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The past couple of years have been revolutionary for HR leaders and their teams. The pandemic changed where and how organizations work and our expectations around work-life balance. While it’s been exhausting, for HRD’s Global 100 HR leaders, it’s also been incredibly rewarding, and their outstanding contributions are recognized here. As part of the 2022 Global 100 awards, HRD conducted thorough research into the sector, examining the challenges of the past year, HR’s trajectory and how organizations can be better prepared.
O.C. Tanner’s 2022 Global Culture Report highlighted the dual role that meaning and leadership play in creating a safe space for employees. Leadership teams are also burning out, with managers 42% more likely to say work interferes with their ability to be happy.
“Community and fulfilment were two of the main themes running through our report this year,” says Meghan Stettler, director of the O.C. Tanner Institute and one of HRD’s Global 100 winners. “In order to create a culture and an organization where employees feel connected, leaders must focus on the role recognition plays as well as looking at fulfilment levels.”
For HR leaders, one of the challenges was how to safeguard organization-wide mental health while protecting their own wellbeing and building meaningful connections.
“There has been a substantive increase in the frequency of challenges that employers have had to deal with,” says Raeleen Manjak, director of HR at the City of Vernon, BC, Canada, and another Global 100 winner. “Employees may feel a lack of engagement if the workplace does not focus on health and wellbeing during a turbulent and extended period of ambiguity. People are also looking for transformational leadership, which must include facets of meaning, connection and fulfilment. It’s about building a culture that is meaningful.”
HRD’s Global 100 winners navigated these trying times with determination and compassion, leading their organizations to thrive. The pandemic may have been “the most stressful time in HR leaders’ careers,” but it also brought unexpected benefits. The talent market is intense right now, but it’s also global, and remote or hybrid models are the norm. This worldwide talent pool means employers can hire anyone, anywhere, at any time.
“The pandemic taught organizations that it's OK to hire people who don't sit in the office five days a week,” says Matt Burns, CEO of BentoHR. “Inflationary pressures created financial pressure. This means it’s more financially feasible to hire somebody in a foreign capacity than it is to hire a full-time domestic resource. Employers can now acquire talent from all around the world without having to be worried about the benefits and all the additional costs that may come along with them.”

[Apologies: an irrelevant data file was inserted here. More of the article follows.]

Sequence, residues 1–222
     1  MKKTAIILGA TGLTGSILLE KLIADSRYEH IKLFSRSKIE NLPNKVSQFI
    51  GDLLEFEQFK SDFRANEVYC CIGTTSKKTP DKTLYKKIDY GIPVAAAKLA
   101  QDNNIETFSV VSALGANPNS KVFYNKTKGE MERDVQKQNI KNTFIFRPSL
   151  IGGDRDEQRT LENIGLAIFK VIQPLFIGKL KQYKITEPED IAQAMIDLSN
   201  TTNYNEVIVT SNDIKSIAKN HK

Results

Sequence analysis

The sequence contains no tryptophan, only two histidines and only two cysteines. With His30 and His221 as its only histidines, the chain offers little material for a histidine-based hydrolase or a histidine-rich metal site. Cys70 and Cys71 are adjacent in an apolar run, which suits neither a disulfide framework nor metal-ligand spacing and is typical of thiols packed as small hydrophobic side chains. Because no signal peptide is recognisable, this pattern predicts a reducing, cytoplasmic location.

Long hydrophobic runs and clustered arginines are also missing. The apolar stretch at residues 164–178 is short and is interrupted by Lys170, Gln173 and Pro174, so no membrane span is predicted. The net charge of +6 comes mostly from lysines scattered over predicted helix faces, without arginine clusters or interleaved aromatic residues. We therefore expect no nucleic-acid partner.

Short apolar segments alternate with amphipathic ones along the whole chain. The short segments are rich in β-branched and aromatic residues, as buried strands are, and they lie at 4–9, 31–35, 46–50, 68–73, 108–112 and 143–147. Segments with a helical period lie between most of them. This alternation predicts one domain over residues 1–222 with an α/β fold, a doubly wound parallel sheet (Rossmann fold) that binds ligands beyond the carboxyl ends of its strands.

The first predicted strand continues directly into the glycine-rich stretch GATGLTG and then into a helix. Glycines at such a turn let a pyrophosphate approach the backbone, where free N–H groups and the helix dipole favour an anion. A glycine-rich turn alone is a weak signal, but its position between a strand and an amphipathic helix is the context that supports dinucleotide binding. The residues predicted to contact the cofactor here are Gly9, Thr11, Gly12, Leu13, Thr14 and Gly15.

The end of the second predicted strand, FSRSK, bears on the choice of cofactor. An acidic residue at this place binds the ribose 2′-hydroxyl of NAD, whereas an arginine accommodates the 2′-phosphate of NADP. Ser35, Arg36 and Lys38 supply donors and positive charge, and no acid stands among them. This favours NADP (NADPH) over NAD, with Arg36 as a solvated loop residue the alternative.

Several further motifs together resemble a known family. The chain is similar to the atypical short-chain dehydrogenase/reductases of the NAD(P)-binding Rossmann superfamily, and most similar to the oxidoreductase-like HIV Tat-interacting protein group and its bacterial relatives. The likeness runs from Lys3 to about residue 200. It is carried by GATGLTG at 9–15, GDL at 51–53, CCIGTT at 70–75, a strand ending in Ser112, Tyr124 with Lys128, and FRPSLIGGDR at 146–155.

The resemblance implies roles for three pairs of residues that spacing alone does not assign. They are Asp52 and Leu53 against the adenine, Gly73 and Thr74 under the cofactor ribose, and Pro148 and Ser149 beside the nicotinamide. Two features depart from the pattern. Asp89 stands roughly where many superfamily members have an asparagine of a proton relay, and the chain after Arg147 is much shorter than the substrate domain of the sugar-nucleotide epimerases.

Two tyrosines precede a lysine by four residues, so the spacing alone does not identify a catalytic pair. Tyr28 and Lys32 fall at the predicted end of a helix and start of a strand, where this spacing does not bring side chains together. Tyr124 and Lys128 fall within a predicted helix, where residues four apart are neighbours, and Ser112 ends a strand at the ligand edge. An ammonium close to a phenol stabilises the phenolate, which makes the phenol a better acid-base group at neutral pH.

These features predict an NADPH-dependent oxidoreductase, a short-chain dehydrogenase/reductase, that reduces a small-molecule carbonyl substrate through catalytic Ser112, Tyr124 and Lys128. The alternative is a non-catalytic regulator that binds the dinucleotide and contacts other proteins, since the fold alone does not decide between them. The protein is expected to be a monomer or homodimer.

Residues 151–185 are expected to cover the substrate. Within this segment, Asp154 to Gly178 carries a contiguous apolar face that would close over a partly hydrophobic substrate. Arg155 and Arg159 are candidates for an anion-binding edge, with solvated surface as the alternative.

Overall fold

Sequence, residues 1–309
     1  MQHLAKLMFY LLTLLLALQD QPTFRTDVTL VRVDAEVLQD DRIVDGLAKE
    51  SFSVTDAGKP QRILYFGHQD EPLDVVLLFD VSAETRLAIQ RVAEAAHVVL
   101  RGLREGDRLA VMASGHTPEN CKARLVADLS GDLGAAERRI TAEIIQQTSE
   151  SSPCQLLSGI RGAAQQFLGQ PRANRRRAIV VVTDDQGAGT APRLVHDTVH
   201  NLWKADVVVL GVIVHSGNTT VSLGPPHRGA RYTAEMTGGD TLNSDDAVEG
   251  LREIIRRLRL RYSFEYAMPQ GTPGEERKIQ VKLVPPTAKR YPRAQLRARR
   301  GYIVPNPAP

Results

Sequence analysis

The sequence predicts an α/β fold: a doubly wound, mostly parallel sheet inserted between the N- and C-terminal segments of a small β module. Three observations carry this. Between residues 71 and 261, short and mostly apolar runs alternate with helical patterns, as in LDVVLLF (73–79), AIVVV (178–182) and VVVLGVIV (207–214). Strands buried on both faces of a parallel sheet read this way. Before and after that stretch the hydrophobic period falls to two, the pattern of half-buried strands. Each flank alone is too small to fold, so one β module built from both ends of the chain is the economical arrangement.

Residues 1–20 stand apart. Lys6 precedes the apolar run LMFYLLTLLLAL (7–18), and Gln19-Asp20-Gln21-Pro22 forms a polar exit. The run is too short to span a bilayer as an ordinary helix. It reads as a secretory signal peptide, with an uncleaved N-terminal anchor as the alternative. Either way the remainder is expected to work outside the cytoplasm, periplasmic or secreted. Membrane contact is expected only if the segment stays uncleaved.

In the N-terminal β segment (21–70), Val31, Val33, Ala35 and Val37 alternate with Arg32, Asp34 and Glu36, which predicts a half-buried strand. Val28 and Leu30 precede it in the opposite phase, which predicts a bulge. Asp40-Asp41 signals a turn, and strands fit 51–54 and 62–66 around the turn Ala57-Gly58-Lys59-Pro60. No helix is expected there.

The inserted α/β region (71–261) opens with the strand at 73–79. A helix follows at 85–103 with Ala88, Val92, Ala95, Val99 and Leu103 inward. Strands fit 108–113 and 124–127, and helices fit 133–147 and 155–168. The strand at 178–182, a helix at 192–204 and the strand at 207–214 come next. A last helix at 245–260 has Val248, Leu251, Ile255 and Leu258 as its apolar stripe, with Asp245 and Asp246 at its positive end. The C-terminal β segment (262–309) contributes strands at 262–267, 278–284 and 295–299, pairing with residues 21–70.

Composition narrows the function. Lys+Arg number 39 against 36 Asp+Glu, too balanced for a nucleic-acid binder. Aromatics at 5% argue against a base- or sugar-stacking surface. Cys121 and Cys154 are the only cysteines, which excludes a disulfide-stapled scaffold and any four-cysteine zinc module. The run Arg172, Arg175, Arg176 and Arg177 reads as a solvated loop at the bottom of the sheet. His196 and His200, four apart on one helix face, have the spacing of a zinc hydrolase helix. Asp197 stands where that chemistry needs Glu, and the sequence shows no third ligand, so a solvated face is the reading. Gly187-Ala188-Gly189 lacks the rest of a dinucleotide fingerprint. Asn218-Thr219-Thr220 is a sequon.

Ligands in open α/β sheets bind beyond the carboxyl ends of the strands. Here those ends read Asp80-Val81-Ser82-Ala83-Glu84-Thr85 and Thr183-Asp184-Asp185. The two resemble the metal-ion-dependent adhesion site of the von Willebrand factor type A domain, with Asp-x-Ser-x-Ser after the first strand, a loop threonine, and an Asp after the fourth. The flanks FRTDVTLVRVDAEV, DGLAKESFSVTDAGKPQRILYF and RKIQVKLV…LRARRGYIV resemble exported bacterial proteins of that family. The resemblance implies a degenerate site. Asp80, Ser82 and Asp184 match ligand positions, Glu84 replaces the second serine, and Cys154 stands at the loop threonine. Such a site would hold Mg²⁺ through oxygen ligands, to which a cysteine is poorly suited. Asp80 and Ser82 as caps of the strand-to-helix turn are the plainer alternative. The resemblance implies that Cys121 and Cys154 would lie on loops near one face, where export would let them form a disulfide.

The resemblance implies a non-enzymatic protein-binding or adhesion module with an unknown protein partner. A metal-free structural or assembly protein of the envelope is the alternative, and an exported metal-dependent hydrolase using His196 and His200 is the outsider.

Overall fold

HRD’s research found one of the central themes running through the sector was the changing face of HR. The profession has gone from an administrative “nice to have” to a core strategic business partner. HR leaders are now intrinsically linked to all facets of an organization. Our Global 100 winners now wear many hats – and while it’s been a great learning curve, it’s also led to overwork and stress. HR professionals need to balance their own mental health with their C-suiters’ requests.
“That overall holistic experience in the five areas of wellbeing applied across the HR sector would be a positive change,” says Patricia Hubbard, senior consultant at Gallup. “If we can focus on the career, community, social, physical and financial wellbeing of each person recruited and maintained in the HR sector, it would be a positive shift for the future.”
Looking ahead to 2023, employers will have to realign their cultures and leadership teams to drive meaning and hold on to top talent. With employees willing to jump ship or even take a pay decrease to find meaningful work, it’s vital HR leaders imbue an authentic culture – even in remote work.
“I’ve always had a firm belief that HR leaders need to lead from the front, not from the back,” says Global 100 winner Gena Restivo, vice president of HR at AstraZeneca. “Part of that is thinking of themselves as the true strategic ambassadors for the organization. How can we define our value proposition? Why should people join your organization? What is your commitment to them? How will you develop them? How do you support them? How do you compensate them? How do you build these inclusive cultures? HR leaders need to tell that story from the front of the room, which is something we need to continue to build on as a sector.”